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Old 11-12-2018, 10:22 PM   #28 (permalink)
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Your post reflects the general populace fears.

Originally Posted by kach22i View Post
I'm sure dumping the used radioactive fuel in the local landfill would help lower the costs.

All joking aside, the regulations are so strict because the consequences of mishandling are so severe.

The term "playing with fire" comes to mind.

If you play'n with the fire and the spark goes in my eye and blinds me, you better have the cash to buy me a new eyeball. I'd rather keep the eyes I have if I have a say in it.
Chernobyl happened. The region is now an animal wildlife refuge of sorts. The radio-activity is below safe levels.

Hiroshima and Nagasaki happened. Both cities are population centers. The horrific death toll is a fraction of the fire bombings that came before.

Nuclear waste is stored on-site. Decades of waste can be stored in a couple acres. Try that with coal ash or the detritus from an equivalent solar/wind farm. If we had the will to reprocess, we could reduce the volume by an order of magnitude or more. If we had certain breeder reactors, they could "eat" the nuclear waste ( plutonium ) from the other reactors and leave you with only long lived wastes (U238 or depleted uranium with a half life in BILLIONS of years). Or you could run things in a molten salt reactor and do the processing and actinide reductions on-site leaving very little volume of waste. Let the waste "cool" in a glassified state and put into stainless casks for long term storage with little worry about pollution leaks as the material is not soluble in an aqueous solution and is difficult to turn into a friable powder. A ton of nuclear fuel would result in only a few kilograms of active "waste". If you had the will to process to the last nuclear fissionable. Much of what I have described is already done by the French Nuclear Commission. We just don't want to copy them for some reason. Molten salt reactors reduce the ability of a terrorist group to grab and use fissionables for weapons production from "very difficult" to "awww man"? And there is no chance for an explosion or meltdown.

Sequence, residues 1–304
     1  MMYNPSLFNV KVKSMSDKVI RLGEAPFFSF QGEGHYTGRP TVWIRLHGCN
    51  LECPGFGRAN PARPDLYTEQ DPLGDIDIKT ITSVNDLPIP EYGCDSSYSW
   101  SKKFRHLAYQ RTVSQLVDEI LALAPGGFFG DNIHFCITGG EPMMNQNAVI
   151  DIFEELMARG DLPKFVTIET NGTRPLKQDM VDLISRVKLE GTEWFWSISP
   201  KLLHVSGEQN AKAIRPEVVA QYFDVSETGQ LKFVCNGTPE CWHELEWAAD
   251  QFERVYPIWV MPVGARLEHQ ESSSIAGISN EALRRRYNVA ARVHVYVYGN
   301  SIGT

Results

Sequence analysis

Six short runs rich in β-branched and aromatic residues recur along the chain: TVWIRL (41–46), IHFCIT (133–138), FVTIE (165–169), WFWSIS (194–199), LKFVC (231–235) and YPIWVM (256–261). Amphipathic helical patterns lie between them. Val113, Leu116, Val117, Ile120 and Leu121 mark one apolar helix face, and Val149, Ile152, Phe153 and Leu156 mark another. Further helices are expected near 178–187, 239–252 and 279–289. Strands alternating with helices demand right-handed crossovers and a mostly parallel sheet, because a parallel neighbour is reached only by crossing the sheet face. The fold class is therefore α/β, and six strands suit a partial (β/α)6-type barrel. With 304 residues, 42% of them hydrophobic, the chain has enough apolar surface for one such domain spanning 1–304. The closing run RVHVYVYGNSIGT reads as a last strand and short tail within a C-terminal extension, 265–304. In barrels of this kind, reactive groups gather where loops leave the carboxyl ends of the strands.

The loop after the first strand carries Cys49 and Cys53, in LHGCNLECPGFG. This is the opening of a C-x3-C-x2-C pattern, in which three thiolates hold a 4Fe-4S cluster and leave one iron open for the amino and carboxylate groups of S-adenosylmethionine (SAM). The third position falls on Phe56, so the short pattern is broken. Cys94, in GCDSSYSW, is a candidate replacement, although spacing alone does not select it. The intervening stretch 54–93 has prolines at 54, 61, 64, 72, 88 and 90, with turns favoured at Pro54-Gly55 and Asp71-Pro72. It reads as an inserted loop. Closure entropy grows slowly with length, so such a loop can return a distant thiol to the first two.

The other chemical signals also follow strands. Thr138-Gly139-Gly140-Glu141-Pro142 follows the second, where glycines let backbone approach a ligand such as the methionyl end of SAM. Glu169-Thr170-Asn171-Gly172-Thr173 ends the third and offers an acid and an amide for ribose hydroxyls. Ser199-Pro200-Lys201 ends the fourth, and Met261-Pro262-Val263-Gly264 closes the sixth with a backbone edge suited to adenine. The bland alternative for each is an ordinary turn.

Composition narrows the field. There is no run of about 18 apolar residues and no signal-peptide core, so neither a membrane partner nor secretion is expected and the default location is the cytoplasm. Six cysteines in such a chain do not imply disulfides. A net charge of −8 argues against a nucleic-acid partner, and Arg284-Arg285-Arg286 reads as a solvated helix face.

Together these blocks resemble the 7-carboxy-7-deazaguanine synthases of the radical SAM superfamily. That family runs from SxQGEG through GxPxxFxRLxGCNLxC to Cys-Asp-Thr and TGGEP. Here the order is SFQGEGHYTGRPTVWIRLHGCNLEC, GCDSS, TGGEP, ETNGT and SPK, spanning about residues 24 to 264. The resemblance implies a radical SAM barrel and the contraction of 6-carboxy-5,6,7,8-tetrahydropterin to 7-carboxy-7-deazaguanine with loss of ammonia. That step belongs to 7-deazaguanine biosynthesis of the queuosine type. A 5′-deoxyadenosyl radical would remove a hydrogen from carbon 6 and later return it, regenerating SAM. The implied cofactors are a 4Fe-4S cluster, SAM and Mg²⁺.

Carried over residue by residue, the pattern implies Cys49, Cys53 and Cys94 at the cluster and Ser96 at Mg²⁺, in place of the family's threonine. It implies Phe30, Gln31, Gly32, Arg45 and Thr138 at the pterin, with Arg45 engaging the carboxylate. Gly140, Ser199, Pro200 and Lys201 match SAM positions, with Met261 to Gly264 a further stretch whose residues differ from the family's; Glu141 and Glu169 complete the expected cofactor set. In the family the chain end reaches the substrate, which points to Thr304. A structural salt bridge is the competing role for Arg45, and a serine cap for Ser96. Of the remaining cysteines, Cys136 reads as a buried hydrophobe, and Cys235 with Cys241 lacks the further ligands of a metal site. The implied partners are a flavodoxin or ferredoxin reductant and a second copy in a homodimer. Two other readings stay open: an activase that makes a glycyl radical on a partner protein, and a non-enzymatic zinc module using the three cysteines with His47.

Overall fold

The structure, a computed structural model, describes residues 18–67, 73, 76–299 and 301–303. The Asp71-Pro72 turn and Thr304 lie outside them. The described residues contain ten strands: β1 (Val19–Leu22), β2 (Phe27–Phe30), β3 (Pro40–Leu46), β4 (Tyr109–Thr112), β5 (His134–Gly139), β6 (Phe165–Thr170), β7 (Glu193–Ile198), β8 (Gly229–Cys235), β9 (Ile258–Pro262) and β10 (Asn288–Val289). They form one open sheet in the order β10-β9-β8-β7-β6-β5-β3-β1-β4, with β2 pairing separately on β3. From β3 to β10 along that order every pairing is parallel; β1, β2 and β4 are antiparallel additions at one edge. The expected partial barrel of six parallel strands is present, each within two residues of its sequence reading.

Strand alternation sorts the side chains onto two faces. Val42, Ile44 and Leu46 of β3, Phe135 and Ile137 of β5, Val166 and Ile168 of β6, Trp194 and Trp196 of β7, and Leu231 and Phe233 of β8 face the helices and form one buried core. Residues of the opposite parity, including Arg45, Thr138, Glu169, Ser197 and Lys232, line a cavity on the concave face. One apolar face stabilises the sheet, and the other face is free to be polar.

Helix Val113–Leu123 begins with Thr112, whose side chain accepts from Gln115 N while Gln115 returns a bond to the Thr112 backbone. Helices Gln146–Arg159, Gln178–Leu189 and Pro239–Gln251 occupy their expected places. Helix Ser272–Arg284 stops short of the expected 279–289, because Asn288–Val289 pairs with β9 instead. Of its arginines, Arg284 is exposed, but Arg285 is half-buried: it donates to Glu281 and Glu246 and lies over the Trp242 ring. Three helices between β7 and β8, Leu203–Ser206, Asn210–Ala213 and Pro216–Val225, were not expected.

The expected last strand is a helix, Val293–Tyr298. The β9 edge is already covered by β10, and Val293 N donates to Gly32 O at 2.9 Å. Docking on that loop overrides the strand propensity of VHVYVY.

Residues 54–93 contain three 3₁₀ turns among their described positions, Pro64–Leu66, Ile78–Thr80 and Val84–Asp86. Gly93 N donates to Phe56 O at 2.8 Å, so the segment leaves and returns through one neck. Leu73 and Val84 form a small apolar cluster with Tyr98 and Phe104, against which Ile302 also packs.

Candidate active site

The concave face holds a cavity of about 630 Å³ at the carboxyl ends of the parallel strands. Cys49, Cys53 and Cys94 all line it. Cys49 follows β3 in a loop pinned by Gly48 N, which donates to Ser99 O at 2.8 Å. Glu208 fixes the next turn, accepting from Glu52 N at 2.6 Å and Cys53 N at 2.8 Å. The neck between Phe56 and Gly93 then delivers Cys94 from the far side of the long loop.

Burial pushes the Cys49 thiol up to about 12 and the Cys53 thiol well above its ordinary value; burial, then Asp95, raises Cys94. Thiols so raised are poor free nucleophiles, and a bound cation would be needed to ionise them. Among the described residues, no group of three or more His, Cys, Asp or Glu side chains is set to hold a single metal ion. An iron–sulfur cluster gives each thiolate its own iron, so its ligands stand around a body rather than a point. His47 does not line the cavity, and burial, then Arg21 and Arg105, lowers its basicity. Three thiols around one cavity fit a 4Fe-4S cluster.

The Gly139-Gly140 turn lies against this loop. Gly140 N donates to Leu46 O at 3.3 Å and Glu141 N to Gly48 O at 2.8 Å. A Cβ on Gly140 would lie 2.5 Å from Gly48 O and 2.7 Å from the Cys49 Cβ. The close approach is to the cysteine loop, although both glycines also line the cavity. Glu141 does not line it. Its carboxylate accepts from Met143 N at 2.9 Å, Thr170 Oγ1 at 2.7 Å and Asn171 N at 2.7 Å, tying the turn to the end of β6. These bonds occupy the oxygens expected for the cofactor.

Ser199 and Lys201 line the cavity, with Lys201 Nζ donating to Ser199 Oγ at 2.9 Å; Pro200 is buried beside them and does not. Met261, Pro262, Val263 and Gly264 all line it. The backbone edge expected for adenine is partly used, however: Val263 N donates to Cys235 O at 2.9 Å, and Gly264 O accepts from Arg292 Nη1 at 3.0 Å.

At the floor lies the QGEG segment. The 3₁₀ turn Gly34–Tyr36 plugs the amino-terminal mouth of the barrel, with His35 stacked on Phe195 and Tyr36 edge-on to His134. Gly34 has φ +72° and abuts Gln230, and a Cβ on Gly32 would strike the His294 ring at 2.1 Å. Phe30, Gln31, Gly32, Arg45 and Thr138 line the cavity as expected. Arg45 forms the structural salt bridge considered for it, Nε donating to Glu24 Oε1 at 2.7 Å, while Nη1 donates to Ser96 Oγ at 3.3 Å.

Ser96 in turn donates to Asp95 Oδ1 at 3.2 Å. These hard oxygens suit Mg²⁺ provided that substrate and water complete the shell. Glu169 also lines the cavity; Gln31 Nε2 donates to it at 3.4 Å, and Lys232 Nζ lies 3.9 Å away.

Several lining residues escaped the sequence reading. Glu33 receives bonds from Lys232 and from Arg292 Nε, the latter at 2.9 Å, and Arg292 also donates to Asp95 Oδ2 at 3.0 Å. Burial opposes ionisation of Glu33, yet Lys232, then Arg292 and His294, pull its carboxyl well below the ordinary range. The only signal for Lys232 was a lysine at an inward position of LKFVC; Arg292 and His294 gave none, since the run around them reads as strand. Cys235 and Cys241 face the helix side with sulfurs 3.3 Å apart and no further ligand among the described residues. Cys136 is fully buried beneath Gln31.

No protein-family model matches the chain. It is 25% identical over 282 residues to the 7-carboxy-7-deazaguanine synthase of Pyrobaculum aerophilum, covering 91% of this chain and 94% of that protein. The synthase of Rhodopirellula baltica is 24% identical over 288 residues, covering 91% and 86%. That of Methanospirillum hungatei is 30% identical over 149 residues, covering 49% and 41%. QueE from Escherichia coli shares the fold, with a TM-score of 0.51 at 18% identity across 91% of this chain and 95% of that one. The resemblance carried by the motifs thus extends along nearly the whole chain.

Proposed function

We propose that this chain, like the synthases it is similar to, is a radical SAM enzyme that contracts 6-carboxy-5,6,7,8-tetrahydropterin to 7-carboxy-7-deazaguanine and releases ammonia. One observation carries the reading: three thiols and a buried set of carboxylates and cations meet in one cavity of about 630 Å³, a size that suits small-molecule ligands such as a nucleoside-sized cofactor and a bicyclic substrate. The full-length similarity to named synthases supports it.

The only worry is cleanup of mining sites. Many of these sites are "nuclear waste zones" because of . . . Thorium! Well, there are classes of nuclear reactors that can use that thorium. A set of reactor types can keep us in energy for hundreds of years into the future. In that time span, practical fusion will come to pass. But we won't have to stress. By then, we will be able to mine the stars.
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